Skip to content Skip to navigation

Social:

RSS:

Vatican Radio

The voice of the Pope and the Church in dialogue with the World

language:

Pope Francis \ Activities

Pope Francis prays for Myanmar's persecuted Rohingya

Rohingya refugees at Kutupalang Unregistered Refugee Camp in Bangladesh - REUTERS

Rohingya refugees at Kutupalang Unregistered Refugee Camp in Bangladesh - REUTERS

08/02/2017 11:13

(Vatican Radio) Pope Francis has asked for prayers for the Rohingya people in Myanmar who are persecuted and forced to flee from their homes.

Listen to the report by Linda Bordoni:

He delivered his appeal during the weekly General Audience asking those present to join him in prayers “for our Rohingya brothers and sisters who are being chased from Myanmar and are fleeing from one place to another because no one wants them.”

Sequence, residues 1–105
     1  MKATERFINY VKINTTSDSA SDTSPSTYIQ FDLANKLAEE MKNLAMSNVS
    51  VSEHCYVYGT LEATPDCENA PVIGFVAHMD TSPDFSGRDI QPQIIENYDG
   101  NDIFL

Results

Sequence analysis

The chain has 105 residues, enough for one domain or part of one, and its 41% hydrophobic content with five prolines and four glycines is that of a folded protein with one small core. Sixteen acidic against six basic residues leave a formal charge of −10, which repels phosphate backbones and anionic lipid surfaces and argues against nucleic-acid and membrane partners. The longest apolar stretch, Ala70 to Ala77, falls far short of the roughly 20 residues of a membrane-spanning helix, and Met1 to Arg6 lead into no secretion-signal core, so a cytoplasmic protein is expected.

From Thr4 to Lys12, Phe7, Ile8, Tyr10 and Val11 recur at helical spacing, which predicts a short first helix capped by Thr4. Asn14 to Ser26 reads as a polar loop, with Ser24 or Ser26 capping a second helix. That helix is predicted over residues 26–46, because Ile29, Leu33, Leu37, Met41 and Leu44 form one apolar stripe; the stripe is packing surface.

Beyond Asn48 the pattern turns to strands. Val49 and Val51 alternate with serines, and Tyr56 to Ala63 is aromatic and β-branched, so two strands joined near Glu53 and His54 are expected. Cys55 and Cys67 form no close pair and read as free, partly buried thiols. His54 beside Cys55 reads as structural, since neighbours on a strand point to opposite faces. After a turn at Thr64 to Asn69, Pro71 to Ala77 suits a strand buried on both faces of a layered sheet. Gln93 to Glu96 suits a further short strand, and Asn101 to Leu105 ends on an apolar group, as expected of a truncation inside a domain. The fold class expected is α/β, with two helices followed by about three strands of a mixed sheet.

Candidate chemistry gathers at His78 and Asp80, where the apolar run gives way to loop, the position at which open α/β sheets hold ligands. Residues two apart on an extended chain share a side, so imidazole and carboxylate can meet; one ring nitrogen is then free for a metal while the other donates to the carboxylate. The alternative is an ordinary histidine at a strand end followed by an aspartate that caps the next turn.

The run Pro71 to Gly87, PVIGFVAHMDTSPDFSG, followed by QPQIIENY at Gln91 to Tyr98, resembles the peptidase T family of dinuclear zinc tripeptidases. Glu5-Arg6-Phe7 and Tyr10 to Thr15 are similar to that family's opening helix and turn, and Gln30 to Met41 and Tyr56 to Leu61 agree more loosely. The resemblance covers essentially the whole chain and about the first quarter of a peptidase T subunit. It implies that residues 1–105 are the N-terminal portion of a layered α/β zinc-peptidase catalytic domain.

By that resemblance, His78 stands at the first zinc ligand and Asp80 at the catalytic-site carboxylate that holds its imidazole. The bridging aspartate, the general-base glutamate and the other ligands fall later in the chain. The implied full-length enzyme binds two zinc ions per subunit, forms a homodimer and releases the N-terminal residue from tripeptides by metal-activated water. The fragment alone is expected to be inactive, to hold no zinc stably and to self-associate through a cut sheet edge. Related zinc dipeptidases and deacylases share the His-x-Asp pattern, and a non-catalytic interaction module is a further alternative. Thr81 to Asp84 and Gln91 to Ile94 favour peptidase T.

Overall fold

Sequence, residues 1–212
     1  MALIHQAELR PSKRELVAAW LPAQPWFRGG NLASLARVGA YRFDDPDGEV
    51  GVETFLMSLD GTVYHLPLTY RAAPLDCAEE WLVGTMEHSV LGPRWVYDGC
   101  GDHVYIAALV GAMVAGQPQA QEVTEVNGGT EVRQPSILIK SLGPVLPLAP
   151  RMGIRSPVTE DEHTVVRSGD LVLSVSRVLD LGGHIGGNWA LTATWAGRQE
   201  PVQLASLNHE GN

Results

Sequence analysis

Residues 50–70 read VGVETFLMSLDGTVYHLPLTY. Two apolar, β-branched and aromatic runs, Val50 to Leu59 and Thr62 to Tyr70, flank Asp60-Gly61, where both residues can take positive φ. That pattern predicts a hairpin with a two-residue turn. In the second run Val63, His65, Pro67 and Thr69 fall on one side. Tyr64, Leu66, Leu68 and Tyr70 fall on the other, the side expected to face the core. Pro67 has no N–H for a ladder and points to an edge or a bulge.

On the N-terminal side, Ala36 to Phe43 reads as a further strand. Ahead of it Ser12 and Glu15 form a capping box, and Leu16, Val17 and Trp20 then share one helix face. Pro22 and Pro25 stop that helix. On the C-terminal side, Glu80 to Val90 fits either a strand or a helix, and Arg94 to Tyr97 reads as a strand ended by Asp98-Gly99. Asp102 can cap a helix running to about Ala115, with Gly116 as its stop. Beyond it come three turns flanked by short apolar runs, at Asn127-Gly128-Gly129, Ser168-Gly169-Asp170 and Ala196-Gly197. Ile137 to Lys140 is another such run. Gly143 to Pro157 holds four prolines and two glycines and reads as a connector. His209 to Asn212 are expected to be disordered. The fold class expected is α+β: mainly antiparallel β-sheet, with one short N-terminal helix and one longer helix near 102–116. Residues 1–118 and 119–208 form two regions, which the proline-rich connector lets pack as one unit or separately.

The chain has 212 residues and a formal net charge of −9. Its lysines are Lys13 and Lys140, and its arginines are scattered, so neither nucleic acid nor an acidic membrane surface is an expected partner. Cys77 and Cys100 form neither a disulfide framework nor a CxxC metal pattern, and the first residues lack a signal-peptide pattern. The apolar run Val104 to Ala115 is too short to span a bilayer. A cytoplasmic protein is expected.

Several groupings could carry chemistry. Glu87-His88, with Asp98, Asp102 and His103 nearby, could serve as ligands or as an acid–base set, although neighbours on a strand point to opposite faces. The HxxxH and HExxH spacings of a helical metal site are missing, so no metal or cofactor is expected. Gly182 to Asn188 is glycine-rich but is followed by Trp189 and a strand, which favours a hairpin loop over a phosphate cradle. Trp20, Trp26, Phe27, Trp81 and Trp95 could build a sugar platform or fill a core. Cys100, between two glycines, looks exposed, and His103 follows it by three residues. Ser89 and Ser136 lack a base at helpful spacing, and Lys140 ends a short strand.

“They are good people, they are not Christians, they are peaceful people, they are our brothers and sisters and for years they have been suffering, they are being tortured and killed, simply because they uphold their Muslim faith” he said. 

And together with the some 7,000 people present in the Paul VI Hall in the Vatican, he prayed the ‘Our Father’ for all exploited and humiliated migrants, and in a special way for the Rohingyas. 

Pope Francis was marking the Feast day of Saint Josephine Bakita, herself a Sudanese slave who was freed and went on to become a Canossian religious sister in Italy. She was canonized in the year 2000.

Human rights groups have urged Myanmar’s government to back an independent international investigation into alleged abuses by security forces against members of the Muslim Rohingya ethnic minority, including killings, the razing of homes and the reported systematic use of sexual violence.

The estimated 1 million Rohingya face official and social discrimination in Buddhist-majority Myanmar, also known as Burma. Most do not have citizenship and are regarded as illegal immigrants from Bangladesh, even when their families have lived in the country for generations. Violence in 2012 forced many to flee their homes, and more than 100,000 still live in squalid refugee camps.

08/02/2017 11:13